• may be due to high levels of insulin; insulin inhibits ketogenesis
    • peripheral tissues are rapidly using ketone bodies (due to higher metabolic rate)
    • ketogenesis is inversely proportional to severity of injury

17

contrast lipid metabolism in flow phase vs prolonged starvation

18

describe protein catabolism during the flow phase

  • protein catabolism is proportional to the severity of the illness
  • in prolonged starvation there is an adaptive decrease in protein catabolism 
    • protein sparing adaptation to increase survival
  • both critical illness and starvation are states of negative nitrogen balance, but protein depletion is more severe in critical illness

19

describe the mechanism of protein metabolism and excretion during the flow phase 

  • the ubiquitin-proteasome system for proteolysis in skeletal muscle cells is activated by stress/illness
  • there is reduced protein synthesis and amino acid uptake by muscle
  • muscle proteolysis releases aminos acids into circulation
  • amino acid catabolism in liver forms ammonia which is converted to urea 
  • urine urea nitrogen (UNN) excretion in grams/day may be used to evaluate degree of muscle proteolysis

20

there is a ____ nitrogen balance in patients during the flow phase

there is a negative nitrogen balance in patients during the flow phase

  • intake of nitrogen <<<< output of nitrogen
  • patients lose significant amounts of body tissue/muscle protein following illness

21

what is the purpose of increased muscle protein catabolism?

  • skeletal muscle is the major source of nitrogen (amino acids) following extensive injury
    • glutamine and alanine: majority of the released amino acids
    • amino acids are used for hepatic gluconeogenesis (C-skeleton) and the amino group is used for the formation of urea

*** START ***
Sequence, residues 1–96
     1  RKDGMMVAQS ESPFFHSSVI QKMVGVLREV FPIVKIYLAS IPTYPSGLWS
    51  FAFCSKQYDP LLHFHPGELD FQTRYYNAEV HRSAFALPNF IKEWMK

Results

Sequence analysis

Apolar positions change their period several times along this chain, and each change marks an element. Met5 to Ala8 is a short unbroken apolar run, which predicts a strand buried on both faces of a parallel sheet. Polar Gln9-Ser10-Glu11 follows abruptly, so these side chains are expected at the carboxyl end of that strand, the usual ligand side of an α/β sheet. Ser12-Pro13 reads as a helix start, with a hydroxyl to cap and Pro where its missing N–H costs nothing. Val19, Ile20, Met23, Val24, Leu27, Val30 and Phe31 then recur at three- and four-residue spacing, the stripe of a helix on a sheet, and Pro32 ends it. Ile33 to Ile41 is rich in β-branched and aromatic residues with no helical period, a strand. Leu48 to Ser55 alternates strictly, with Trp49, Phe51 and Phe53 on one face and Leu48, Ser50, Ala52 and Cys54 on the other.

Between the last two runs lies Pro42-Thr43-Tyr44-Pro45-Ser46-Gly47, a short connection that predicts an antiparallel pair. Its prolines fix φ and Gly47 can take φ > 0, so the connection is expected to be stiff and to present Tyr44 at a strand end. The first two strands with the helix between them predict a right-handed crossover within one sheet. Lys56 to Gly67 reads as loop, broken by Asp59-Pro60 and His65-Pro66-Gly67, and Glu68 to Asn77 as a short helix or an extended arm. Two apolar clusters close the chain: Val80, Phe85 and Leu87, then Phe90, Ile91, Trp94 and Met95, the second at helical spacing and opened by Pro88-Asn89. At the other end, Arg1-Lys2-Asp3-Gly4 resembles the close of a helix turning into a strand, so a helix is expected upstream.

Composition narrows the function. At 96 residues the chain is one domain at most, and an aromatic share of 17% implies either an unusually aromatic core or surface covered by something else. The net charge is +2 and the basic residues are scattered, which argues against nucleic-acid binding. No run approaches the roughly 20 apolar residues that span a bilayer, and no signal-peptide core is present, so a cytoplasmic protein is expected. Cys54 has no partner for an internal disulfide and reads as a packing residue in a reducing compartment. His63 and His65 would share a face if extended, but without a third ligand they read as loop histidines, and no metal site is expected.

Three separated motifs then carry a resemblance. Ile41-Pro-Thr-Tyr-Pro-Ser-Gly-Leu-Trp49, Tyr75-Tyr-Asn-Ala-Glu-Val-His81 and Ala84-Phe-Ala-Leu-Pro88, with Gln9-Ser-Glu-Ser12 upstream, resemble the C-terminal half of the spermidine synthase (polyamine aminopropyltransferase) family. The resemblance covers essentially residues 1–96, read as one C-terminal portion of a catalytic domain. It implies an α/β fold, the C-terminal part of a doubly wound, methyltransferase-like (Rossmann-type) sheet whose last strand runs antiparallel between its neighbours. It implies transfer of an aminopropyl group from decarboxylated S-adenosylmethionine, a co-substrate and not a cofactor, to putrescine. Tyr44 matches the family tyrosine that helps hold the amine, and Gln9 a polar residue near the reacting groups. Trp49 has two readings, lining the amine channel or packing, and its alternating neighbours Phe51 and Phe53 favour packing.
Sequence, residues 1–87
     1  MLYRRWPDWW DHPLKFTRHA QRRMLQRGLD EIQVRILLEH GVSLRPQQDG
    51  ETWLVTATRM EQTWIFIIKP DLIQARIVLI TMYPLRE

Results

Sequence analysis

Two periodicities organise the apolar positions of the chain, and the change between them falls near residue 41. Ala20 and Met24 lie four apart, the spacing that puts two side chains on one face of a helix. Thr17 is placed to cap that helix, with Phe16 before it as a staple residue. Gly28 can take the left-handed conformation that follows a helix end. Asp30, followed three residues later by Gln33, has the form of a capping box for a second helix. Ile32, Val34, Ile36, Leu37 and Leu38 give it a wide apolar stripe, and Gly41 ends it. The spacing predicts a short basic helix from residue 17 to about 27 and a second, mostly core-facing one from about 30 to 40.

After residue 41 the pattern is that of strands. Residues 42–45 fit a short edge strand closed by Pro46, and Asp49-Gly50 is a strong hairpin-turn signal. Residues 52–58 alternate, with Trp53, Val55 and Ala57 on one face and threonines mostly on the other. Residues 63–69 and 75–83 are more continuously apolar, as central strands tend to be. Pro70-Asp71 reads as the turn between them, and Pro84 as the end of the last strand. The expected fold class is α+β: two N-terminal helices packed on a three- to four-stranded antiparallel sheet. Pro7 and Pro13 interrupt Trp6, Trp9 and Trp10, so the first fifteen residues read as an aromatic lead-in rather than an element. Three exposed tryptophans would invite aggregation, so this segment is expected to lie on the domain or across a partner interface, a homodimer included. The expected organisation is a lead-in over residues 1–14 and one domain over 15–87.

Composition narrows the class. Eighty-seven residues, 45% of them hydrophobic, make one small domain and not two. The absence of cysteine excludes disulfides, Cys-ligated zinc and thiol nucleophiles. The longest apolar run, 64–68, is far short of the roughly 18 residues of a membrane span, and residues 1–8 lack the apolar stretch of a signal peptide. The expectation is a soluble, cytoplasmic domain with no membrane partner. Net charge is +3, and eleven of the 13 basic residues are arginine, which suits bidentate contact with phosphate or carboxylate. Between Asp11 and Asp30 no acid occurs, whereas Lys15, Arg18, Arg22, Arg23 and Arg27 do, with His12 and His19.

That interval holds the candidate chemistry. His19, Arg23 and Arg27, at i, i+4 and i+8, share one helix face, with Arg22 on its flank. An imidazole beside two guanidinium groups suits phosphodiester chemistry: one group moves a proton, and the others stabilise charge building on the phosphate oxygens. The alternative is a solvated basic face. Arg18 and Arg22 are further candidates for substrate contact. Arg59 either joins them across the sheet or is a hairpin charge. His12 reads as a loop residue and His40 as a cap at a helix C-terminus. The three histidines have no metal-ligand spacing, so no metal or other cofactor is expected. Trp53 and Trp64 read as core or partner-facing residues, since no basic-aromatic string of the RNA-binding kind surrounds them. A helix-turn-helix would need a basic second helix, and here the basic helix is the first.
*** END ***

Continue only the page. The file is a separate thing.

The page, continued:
• amino acids are also used for maintenance of the immune system (synthesis of immunoglobulins)
    • amino acids are used for acute-phase protein synthesis by the liver

22

describe acute phase response by the liver

  • cytokines released during inflammatory process stimulate the liver to synthesize a group of proteins called acute phase proteins
    • synthesized in increased amount during inflammation; not specific for the inflammatory response
    • includes C-reactive protein, a1-antitrypsin, ceruloplasmin, haptoglobin

23

describe how serum C-reactive protein correlates with prognosis

  • the degree of rise of the acute phase proteins is proportional to the severity of injury
  • normalization of CRP levels indicate good response to therapy and good prognosis

24

contrast protein metabolism during the flow phase vs prolonged starvation

25

describe immune modulating nutrients

  • includes supplemental glutamine, arginine and branched chain amino acids for enhancement of immune function
    • glutamine is used for nucleotide synthesis in rapidly diving cells (like lymphocytes)
  • inclusion of antioxidants 
  • omega-3 fatty acids modulate immune response

26

 name vitamins and minerals given during nutritional support

  • vitamin C 
    • facilitates wound healing (prolyl hydroxylase)
  • thiamine, niacin
    • due to increased hypermetabolism
  • zinc
    • maintain immune function and improve appetite
  • copper 
    • cofactor for lysyl oxidase that is required to form crosslinks in collagen and improves wound healing

27

contrast ketone body synthesis in T1D vs T2D in the flow phase

  • T1D = high ketone bodies
  • T2D = not high ketone bodies but hyperosmolarity is seen

28

describe the anabolic phase of recovery

  • in the anabolic/recovery phase, there is positive nitrogen balance and build-up of tissue proteins
    • important to increase protein intake to allow for anabolism 
  • rebuilding of adipose tissue stores during this phase
  • normalization of plasma glucose levels, insulin levels and tissues are sensitive to insulin